By integrating the two stories, Sherlock is able to show off what makes it shine. The two realities are almost perfectly intertwined, serving as something of a single dual-reality. The tag, showing the past Holmes imagining his future counterpart, connects these worlds neatly. Even though one of these realities is a hallucination, they are both canon; they are both real to an audience of Holmes fans spanning generations. This inclusion of both Doyle’s original works and the changes Sherlock has made to it plays as deep respect to the source material and a nod to the myriad possibilities the stories inspire. The beauty of Sherlock is that it can navigate the twists and turns of an intriguing mystery while simultaneously delving into the psyche of the damaged genius at its centre, manipulating the viewers’ emotions, exploring the various relationships between its characters, and build a series arc story alongside the episodic mystery. There is such brilliant and capable storytelling happening in this episode, that it makes the weak points that much more disappointing. For example, the scene in the graveyard which turns out to be a present-day hallucination was unnecessary and cheap. A show capable of greatness shouldn’t need to resort to trickery and “Surprise! It wasn’t real!” tactics designed to confuse and frustrate the audience. These hiccups in the narrative only serve to interrupt the flow of a story that should be deep and fluid. Having an opportunity to take the audience on a journey through the inner workings of Sherlock’s remarkable mind, the writers chose to inhibit, rather than facilitate, our understanding using “gotcha” moments.
The resolution of the mystery is also unfortunately thin. Holmes and Watson discover that the killer of these two men is a group of women suffragists who want to create a sort of “boogieman-bride” to intimidate men who abuse or disrespect women. The tone of this reveal is not only mildly patronizing, but the goofiness of this scheme as a supposedly-righteous suffragist plot also undercuts the seriousness of the women’s crimes. Are we supposed to think of these women as heroes, the way we do the historical suffragettes? The tag (which, while it is only a hallucination, supposedly projects what Holmes would have done were it true) suggests that Holmes and Watson reported the case as a “rare failure” and took no further action, thereby preserving its “unsolved” status for Holmes in the future. However, these women assisted a suicide, then murdered two men in a way that did not promote equality or the women’s suffrage movement, and inspired a string of unrelated murders disguised to look like the work of “The Bride.” What made this a battle these women deserved to win? Our modern context informs our understanding that women in 1895 were unjustly oppressed, but in the Victorian context, how did this plot further the cause of equal rights? Are we to accept that Molly Hooper was part of a secret society that perpetuated the murder of men who treated women unfairly (which, back then, would have been nearly all of them)? Are we supposed to admire these women for their cause when their tactics were so bizarre and misguided? Are we supposed to simply accept our male leads’ actions as correct, when the “victorious” women barely got the chance to speak for themselves? Portraying the righteous fury felt by the victims of historical discrimination requires a deft and delicate touch that was unfortunately not present here.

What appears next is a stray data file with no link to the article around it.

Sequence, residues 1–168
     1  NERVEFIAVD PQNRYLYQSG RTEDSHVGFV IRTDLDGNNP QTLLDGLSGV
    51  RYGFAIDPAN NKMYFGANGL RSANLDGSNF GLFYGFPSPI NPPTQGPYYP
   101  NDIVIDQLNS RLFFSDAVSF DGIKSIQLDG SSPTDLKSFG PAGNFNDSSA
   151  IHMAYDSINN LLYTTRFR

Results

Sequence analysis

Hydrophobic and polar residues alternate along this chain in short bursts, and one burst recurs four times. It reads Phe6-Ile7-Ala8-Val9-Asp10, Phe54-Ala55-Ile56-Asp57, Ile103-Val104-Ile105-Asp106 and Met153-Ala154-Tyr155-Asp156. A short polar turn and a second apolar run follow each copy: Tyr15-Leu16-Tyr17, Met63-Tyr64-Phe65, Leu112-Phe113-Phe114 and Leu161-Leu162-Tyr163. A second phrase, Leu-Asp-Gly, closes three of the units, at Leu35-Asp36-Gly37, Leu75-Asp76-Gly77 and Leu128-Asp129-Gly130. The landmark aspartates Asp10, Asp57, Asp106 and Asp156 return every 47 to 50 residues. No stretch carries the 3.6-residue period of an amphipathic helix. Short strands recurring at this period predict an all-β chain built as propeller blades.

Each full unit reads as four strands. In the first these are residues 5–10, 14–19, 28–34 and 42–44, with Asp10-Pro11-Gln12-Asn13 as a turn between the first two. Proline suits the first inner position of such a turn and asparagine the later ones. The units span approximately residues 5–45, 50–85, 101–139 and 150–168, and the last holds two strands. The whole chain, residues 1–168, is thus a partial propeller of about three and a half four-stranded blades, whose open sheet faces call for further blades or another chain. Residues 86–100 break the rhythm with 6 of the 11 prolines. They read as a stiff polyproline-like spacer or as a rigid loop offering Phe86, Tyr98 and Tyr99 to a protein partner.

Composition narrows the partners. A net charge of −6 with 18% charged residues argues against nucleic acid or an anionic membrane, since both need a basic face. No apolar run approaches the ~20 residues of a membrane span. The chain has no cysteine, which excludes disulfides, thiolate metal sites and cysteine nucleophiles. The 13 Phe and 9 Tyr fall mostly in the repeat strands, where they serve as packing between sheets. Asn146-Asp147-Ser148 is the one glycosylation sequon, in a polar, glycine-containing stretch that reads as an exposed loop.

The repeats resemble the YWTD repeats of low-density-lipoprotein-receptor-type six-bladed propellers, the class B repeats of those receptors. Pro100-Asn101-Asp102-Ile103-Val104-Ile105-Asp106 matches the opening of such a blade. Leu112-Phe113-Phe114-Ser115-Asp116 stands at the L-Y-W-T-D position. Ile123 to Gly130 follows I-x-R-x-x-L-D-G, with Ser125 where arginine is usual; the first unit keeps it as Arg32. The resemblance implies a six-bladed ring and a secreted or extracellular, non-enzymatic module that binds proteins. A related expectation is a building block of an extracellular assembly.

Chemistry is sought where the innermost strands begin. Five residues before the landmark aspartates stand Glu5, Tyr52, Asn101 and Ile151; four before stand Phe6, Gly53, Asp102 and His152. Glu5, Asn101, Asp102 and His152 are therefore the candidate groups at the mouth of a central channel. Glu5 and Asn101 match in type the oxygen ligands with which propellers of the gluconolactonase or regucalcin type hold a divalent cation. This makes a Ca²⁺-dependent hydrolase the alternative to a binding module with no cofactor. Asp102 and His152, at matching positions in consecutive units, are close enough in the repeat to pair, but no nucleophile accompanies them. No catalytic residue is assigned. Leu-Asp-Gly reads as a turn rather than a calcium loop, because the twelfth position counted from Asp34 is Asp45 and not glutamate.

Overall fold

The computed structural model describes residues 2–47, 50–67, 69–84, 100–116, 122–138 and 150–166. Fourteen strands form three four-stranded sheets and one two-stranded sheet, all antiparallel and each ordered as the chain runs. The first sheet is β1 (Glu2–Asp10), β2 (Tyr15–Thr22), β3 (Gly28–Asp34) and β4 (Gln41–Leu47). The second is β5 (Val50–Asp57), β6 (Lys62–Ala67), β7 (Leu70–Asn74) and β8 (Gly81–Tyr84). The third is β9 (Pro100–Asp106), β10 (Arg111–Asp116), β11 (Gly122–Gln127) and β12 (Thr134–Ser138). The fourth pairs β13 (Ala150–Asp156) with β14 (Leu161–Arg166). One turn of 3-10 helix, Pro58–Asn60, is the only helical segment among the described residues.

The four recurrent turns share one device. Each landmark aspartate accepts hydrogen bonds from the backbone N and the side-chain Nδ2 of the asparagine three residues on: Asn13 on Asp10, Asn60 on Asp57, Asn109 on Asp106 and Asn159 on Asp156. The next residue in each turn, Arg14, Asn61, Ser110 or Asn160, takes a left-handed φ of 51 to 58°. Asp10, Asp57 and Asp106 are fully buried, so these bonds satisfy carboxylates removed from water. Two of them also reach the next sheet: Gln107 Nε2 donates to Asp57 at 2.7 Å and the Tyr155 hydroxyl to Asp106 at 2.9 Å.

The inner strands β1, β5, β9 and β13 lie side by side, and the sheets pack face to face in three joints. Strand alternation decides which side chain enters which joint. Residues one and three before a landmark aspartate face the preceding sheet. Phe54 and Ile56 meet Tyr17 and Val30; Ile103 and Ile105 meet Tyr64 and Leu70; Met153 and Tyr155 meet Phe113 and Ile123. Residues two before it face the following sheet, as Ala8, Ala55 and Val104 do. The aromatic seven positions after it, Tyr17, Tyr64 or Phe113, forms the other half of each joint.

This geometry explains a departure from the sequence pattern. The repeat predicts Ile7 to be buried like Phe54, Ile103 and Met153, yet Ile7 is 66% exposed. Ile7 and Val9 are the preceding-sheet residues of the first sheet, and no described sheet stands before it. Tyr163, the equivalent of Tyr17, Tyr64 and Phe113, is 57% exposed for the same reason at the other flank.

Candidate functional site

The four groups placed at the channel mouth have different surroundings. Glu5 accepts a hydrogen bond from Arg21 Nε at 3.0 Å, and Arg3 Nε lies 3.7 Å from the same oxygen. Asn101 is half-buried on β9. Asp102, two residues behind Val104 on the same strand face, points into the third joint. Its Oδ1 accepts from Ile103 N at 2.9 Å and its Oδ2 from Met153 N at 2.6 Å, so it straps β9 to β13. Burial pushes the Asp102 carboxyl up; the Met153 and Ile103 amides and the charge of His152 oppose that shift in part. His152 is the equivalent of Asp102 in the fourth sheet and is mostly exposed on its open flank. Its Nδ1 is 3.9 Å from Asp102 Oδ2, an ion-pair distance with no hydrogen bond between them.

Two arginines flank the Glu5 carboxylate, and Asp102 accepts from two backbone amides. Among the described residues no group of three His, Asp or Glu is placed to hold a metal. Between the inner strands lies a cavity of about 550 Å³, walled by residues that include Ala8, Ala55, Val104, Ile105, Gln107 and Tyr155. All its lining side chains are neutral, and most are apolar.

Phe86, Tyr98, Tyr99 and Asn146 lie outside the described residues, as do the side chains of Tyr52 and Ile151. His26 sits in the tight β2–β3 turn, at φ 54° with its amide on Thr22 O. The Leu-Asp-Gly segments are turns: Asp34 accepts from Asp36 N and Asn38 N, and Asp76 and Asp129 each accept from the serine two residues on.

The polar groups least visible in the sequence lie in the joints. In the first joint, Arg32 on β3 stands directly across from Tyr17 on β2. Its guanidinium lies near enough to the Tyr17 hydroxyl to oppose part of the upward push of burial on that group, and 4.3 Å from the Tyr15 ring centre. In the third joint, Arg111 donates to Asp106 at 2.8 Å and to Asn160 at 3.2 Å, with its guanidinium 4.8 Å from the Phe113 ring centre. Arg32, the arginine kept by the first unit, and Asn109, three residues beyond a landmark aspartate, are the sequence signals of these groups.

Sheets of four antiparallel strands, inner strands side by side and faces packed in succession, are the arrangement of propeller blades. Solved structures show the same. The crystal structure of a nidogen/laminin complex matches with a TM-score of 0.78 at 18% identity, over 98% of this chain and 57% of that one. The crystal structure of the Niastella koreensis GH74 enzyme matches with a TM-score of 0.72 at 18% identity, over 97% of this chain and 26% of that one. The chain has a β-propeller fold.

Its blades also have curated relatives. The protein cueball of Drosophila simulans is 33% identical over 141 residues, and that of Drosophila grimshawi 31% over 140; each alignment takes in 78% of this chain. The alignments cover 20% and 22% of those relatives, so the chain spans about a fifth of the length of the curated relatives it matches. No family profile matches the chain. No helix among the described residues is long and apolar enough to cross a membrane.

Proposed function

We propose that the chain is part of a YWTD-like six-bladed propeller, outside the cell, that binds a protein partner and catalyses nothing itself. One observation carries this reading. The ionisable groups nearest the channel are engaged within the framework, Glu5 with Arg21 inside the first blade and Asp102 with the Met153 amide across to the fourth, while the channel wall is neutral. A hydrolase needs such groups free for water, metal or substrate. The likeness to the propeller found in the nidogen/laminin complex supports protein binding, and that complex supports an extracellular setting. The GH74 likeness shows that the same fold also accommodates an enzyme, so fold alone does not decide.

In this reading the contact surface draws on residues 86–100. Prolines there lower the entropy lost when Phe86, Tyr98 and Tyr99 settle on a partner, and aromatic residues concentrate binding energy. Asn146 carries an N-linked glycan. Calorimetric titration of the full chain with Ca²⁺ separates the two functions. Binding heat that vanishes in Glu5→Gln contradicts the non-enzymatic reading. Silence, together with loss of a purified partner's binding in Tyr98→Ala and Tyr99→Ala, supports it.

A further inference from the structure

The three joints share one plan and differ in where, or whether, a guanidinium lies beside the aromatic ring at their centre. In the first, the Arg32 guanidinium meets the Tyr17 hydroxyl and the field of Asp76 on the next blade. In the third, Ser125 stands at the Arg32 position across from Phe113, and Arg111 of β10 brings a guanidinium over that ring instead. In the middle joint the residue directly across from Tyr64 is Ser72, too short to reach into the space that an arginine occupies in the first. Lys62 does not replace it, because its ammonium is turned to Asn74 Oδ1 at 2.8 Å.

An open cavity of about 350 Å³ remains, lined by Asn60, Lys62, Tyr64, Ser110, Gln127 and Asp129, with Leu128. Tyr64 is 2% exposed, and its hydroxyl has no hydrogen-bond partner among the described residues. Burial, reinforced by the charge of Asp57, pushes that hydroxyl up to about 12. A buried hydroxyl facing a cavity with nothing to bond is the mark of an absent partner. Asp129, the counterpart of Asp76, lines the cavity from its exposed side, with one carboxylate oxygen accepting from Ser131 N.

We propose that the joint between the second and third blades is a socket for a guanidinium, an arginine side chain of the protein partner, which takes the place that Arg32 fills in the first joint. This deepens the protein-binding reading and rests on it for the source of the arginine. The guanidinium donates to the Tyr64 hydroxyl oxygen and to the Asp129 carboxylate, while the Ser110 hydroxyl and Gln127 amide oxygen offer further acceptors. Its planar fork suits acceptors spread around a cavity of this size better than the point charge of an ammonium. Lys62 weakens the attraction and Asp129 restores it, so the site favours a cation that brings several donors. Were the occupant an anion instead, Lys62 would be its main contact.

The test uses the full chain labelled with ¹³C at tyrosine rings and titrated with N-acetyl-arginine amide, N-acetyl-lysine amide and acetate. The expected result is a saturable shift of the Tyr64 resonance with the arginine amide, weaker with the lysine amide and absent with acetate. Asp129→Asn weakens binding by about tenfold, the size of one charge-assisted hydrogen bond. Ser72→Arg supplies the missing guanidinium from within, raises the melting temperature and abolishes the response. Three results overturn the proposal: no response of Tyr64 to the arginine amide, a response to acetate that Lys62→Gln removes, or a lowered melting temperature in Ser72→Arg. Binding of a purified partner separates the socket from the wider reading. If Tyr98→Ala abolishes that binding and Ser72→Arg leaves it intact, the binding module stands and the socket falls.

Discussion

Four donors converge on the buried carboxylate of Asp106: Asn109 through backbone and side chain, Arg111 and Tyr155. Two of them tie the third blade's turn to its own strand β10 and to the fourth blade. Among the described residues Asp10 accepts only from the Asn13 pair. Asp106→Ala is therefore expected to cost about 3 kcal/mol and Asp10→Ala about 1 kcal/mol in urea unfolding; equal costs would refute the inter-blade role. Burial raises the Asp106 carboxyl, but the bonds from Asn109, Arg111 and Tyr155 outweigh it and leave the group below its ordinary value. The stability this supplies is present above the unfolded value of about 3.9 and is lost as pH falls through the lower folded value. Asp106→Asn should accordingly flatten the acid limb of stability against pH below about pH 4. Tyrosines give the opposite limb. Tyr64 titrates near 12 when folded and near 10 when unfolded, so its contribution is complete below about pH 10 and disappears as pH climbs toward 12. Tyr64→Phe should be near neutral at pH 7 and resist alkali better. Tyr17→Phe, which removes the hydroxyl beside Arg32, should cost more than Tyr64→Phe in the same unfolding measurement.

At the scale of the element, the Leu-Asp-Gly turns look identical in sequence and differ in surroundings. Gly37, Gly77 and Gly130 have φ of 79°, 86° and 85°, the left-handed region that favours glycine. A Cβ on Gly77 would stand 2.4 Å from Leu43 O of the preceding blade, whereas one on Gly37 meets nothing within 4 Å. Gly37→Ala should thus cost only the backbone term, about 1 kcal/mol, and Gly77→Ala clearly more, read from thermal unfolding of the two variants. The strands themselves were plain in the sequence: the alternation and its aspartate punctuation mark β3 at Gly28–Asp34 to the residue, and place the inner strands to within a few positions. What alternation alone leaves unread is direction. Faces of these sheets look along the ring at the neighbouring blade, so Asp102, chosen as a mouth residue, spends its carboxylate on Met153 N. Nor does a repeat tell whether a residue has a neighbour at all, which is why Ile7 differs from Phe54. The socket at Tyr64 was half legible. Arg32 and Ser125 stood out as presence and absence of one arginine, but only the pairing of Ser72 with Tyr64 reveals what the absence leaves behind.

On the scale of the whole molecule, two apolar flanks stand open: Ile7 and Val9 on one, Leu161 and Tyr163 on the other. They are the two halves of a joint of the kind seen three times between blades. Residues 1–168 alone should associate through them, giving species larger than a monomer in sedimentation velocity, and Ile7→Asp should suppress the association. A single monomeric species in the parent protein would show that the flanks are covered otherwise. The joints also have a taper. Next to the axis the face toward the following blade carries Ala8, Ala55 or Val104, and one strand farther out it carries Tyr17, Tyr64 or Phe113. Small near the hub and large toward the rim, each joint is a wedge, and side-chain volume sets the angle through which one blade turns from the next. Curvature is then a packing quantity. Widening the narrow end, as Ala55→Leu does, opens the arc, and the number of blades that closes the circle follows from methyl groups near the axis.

And as for the arc of the modern-day story, frustratingly little progress was made, especially considering the long wait in store for fans before the next installment.
So, while fans hoping for a rich and cerebral drama with watertight storytelling may come away feeling shortchanged, “The Abominable Bride” revives the uncomplicated sense of adventure and mystery that makes the show as a whole so thoroughly entertaining. It may not have been wholly satisfying, but it was certainly a great deal of fun.